Firms with datacentres could save from $100,000 to $275,000 per year on every megawatt of IT infrastructure by using fresh air cooling systems, according to Dell.
Dell claims that the use of fresh air cooling in place of conventional chilled air systems is set to expand as firms look to cut the cost of operating datacentres. The move is also being driven by new legislation in the US and Europe aimed at curbing energy consumption and greenhouse gas emissions.
"It is well known that cooling can account for as much as 30 percent of datacentre operating costs, so many customers are looking to establish new practices around how you drive datacentres," Dell's enterprise programme manager Hugh Jenkins told V3.
To this end, Dell is now running its Fresh Air initiative, offering advice and consultancy via its Datacentre Solutions (DCS) group, based on expertise garnered through custom building solutions for large enterprise customers, Jenkins said.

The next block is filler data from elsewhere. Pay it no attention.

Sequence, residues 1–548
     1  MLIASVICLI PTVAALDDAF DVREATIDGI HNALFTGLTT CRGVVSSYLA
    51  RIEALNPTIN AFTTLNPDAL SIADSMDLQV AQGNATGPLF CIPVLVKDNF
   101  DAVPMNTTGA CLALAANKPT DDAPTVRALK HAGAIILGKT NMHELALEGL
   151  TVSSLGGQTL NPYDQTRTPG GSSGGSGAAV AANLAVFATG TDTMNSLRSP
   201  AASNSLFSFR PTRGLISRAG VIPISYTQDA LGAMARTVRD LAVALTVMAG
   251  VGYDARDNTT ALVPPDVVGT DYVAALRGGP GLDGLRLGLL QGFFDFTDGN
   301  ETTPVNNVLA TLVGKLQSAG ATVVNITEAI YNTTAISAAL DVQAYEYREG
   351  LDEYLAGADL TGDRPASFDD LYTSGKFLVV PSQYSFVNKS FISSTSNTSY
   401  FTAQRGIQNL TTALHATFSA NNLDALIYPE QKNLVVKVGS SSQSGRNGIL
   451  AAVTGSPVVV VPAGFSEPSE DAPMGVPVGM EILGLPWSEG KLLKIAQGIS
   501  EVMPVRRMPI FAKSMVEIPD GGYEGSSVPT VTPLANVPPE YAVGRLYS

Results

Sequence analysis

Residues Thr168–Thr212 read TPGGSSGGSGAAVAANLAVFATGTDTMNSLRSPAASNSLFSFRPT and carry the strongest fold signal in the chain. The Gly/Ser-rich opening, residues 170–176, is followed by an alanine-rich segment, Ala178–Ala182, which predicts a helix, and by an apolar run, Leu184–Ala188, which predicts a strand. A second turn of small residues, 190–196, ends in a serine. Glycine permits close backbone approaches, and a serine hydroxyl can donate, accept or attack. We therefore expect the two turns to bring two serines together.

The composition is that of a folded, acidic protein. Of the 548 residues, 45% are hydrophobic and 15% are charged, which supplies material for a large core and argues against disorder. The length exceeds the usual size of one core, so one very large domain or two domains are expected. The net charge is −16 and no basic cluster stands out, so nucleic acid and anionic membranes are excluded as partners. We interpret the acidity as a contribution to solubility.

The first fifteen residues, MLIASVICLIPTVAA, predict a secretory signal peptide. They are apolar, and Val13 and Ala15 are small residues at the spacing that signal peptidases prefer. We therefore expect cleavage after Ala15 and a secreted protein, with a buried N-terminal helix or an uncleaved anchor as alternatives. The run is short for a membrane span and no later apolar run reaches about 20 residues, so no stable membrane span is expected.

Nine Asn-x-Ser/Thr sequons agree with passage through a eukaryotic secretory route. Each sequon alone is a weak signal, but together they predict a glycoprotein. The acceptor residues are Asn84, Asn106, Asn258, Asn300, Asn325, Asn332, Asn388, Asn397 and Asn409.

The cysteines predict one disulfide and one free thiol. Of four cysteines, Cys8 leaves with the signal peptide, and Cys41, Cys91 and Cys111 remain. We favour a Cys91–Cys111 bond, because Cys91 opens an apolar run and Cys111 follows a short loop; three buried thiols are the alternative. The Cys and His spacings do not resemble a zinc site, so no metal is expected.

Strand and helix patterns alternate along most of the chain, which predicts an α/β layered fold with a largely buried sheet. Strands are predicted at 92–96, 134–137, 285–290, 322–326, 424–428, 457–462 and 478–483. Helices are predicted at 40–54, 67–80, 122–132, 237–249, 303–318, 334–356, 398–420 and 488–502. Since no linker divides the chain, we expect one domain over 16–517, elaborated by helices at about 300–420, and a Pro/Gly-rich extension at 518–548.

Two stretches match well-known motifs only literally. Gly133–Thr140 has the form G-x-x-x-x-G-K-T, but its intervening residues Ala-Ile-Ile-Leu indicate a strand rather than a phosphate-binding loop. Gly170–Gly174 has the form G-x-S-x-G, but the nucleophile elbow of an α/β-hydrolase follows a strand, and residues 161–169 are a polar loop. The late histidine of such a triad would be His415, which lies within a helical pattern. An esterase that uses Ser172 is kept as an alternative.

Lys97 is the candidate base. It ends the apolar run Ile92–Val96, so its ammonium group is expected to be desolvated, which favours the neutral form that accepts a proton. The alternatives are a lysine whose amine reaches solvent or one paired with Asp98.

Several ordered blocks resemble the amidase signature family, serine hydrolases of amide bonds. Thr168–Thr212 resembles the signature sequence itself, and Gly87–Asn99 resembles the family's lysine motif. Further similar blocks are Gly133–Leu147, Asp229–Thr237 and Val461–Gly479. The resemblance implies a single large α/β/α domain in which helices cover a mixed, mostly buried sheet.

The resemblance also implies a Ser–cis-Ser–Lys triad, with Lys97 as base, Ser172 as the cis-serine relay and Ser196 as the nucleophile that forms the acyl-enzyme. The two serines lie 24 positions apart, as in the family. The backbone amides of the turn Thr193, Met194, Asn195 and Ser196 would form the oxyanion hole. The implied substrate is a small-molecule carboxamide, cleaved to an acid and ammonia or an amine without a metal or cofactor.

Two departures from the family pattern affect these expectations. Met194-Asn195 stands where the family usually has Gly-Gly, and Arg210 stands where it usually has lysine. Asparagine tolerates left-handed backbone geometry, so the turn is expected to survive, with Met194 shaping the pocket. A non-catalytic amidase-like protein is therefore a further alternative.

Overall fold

"One example is with eBay, where we expanded their datacentre capacity using a pre-built infrastructure module in a shipping container that we actually dropped onto the roof of their existing datacentre," Jenkins said.
However, it is new build projects that are going to see the benefit of this approach, as its success depends to a large extent on having IT equipment that is validated to operate at a higher temperature, such as Dell's own 12th generation PowerEdge servers, launched earlier this year.
"For servers, the norm is that they are warrantied for a maximum 35 centigrade, whereas the 12G servers, we have relaxed that to a maximum 45 degrees and 90 percent humidity," Jenkins explained.
Japanese researchers develop a flexible screen worn on the skin that they claim can monitor patients' heart rate and other vitals
ZenFone 5 Pro appears to boast a Snapdragon 845 SOC, an Adreno 630 GPU and 6GB of RAM
Pilot project will serve 300 homes to start with
The IoT faces significant compatibility challenges, which could be avoided for blockchain by adopting Hyperledger